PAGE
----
From Eleanor Bloxham:
Whole Foods investor [Jim] McRitchie has sent a proposal to the grocery chain for shareholders to vote on next year. It is designed to revise Whole Foods’ proxy access bylaw to “meet best practices according to investors.” The proposal would give investors the right to nominate two directors or a quarter of the board, whichever is greater, and place “no limitations on the number of shareholders that can aggregate their shares to achieve the 3% Required Ownership Percentage” to put forward nominations. The proposal also calls for no limits on how often candidates can be proposed and no limits on any compensation arrangements the candidates may have with shareholders.
The Whole Foods proposal is just one example of a new series that will start to come on company ballots next year to improve on the proxy access requirements now on the books. In August, the Council of Institutional Investors issued a paper on the common fixes needed to some of the current proxy access measures adopted by companies. “We will see more of these in a second wave … even though the first wave has just begun,” McRitchie wrote me in an email.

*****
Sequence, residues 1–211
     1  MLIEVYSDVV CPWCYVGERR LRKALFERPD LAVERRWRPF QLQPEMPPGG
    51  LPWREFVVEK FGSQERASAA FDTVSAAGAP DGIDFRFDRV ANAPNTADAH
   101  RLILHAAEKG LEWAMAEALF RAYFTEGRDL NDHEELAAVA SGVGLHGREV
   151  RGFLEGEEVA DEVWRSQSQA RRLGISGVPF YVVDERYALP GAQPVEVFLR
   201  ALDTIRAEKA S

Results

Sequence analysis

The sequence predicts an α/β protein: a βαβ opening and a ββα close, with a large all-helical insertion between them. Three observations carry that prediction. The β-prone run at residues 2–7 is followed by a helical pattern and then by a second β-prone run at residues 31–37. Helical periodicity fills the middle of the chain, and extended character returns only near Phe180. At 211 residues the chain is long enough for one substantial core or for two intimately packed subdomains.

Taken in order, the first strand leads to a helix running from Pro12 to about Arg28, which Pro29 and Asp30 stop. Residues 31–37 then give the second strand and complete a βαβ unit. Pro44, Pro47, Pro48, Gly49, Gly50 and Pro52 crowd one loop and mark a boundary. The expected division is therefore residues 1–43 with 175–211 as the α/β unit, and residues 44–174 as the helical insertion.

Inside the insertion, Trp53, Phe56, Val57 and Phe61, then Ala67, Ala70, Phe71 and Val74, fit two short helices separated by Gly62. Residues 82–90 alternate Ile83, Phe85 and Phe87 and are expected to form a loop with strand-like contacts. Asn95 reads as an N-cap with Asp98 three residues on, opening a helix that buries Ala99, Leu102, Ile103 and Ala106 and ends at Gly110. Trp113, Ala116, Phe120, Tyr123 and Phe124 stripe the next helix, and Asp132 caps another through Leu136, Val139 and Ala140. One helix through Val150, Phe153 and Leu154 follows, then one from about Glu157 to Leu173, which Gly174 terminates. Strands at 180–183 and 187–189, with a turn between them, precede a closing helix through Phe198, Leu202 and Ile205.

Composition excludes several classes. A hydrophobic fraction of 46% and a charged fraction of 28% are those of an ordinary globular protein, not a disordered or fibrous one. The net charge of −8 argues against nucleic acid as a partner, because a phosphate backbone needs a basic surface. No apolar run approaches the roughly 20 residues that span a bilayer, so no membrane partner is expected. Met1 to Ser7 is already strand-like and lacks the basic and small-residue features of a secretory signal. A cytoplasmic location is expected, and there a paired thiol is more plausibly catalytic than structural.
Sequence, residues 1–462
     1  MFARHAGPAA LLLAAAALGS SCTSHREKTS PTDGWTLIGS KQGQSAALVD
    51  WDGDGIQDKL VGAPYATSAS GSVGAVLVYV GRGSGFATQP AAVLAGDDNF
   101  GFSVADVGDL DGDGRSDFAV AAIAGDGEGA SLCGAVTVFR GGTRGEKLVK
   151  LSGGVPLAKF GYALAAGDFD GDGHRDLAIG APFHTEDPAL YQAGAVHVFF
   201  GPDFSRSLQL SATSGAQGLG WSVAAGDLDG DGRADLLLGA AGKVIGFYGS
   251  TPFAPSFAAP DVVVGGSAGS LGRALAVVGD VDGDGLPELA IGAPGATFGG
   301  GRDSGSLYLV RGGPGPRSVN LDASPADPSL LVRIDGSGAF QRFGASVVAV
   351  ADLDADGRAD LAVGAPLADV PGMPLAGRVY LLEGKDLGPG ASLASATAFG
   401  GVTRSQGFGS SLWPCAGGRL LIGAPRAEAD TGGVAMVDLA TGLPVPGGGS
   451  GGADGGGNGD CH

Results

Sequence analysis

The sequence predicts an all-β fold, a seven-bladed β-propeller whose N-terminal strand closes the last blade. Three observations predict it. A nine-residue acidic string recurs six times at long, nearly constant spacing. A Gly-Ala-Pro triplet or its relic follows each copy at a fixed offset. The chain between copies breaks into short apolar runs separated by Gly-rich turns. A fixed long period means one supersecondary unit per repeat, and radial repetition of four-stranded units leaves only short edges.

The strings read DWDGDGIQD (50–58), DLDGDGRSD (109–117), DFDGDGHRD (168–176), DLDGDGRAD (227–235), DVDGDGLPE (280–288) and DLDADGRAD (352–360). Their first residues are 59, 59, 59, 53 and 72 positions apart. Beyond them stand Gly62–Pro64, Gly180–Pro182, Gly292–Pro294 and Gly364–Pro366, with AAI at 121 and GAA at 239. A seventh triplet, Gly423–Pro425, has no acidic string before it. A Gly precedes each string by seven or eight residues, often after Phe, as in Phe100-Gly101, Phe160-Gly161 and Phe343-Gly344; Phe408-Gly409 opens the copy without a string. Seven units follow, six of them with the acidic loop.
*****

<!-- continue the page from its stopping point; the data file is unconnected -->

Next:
But for Whole Foods shareholders, there’s more than ballot access to be concerned about. The company’s share price has fallen by 46% over the past seven months. And the company faces increasing competition, all while it’s trying to revamp its operations.
Employees and customers likely have their own concerns. Earlier this week, Whole Foods announced that it would be laying off workers. And last week, PETA (People for Ethical Treatment of Animals) sued the company for alleged violations in its five step animal welfare ranking system. “The entire audit process for Whole Foods’ animal welfare standards is a sham,” the lawsuit reads.
With shares tanking, competition rising, employee ranks dwindling, and customers (potentially) defecting, the new proxy access “update” at Whole Foods may have a shot.